(c)      third-country nationals who do not fulfil one or more of the conditions laid down in paragraph 1 may be authorised by a Member State to enter its territory on humanitarian grounds, on grounds of national interest or because of international obligations. Where the third-country national concerned is the subject of an alert as referred to in paragraph 1(d), the Member State authorising him or her to enter its territory shall inform the other Member States accordingly.’

 Swedish law

6        Chapter 2, Paragraph 1, of the utlänningslagen (2005:716) (Law (2005:716) on Aliens; ‘the UL’) provides:

‘An alien entering or residing in Sweden must hold a passport.’

7        Chapter 5, Paragraph 3, first subparagraph, of the UL provides:

‘A residence permit shall be issued, subject to the provisions of Paragraphs 17 to 17b, to:

1.      any foreign national whose spouse or cohabiting partner is resident or has been issued a residence permit in Sweden;

…’

8        Chapter 5, Paragraph 8, of that law provides:

‘A residence permit issued to an alien pursuant to the first subparagraph of Paragraph 3, point 1, … shall be limited in time at the time of the first decision, unless

1.      the foreign national has been cohabiting abroad for a long time with his or her spouse or partner, or

2.      if it is clear, otherwise, that the relationship is well established.

…’

9        Chapter 5, Paragraph 16, first subparagraph, of the UL is worded as follows:

‘An alien who, by virtue of Paragraph 8, has been granted a temporary residence permit on account of a family relationship can obtain a new temporary or permanent residence permit on that ground only if the relationship in question continues to exist.’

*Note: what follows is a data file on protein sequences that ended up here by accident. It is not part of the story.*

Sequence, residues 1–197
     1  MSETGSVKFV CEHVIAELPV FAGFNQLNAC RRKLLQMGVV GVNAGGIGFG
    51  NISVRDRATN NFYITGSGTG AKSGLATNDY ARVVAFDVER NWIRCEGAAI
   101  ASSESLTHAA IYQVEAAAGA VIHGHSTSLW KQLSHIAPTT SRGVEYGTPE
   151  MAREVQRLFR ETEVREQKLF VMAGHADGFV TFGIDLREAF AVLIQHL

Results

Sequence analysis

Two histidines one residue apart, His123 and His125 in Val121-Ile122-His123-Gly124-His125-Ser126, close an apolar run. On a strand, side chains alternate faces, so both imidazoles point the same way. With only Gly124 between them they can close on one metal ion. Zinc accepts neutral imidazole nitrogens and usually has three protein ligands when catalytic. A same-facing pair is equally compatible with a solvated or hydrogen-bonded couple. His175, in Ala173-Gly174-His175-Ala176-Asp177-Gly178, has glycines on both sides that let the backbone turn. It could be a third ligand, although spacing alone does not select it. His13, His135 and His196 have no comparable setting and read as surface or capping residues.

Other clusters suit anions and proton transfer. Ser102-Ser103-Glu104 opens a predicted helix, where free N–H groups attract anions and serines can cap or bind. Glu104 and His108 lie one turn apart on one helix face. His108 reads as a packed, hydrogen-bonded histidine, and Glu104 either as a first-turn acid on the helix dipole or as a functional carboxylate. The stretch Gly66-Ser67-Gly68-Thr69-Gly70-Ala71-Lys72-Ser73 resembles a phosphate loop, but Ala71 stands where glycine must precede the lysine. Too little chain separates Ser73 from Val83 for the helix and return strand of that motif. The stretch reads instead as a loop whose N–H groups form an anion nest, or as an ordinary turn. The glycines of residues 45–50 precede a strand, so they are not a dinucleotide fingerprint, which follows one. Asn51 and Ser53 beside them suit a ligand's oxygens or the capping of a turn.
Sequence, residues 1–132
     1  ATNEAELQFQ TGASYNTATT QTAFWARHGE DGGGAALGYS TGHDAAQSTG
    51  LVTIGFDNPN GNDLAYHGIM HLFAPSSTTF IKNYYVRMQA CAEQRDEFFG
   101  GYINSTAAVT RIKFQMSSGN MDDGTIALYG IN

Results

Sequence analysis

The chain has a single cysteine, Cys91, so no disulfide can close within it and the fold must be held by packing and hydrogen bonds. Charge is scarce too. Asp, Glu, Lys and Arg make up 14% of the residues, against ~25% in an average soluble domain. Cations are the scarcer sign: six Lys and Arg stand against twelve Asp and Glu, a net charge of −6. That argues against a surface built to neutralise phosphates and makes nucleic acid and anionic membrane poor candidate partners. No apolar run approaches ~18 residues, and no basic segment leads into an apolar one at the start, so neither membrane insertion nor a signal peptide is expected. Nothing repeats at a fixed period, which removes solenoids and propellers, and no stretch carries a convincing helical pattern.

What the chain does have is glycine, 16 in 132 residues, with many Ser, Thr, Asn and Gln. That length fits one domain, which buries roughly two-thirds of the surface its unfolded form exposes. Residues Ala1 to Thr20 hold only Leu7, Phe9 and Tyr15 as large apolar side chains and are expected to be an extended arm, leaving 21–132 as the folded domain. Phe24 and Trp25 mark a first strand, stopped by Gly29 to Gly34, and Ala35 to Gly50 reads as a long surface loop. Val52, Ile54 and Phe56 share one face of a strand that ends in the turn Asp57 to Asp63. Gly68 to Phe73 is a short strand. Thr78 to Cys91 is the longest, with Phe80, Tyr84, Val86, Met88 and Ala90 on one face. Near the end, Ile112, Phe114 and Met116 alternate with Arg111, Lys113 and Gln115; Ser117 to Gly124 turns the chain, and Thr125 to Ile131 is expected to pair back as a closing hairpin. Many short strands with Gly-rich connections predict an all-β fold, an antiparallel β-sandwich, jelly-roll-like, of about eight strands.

10      Chapter 5, Paragraph 17a, first and second subparagraphs, of that law provides:

‘In the situations referred to in Paragraph 3, the issue of a residence permit may be refused if:

1.      incorrect information has deliberately been given or facts have deliberately been withheld, where that information and those facts are relevant to obtaining a residence permit, [or]

2.      an alien has been adopted or has entered into a marriage or co-habiting relationship exclusively with the aim of giving that alien the right to a residence permit, or

3.      the alien poses a threat to public order or public security.

A residence permit may also be refused in the situations referred to in Paragraph 3, first subparagraph, point 1, if:

1.      the spouses or partners do not live together or have no intention of doing so;

…’

 The dispute in the main proceedings and the questions referred for a preliminary ruling

11      On 9 December 2013 A, a Gambian national, was issued with a temporary residence permit by the Swedish authorities in order to join his wife, who holds Swedish nationality.

12      Before entering Swedish territory, A had applied for a residence permit and had furnished proof of his identity by presenting a passport from his country of origin.

13      On 9 November 2015, A applied to the Migrationsverket for an extension of that temporary residence permit.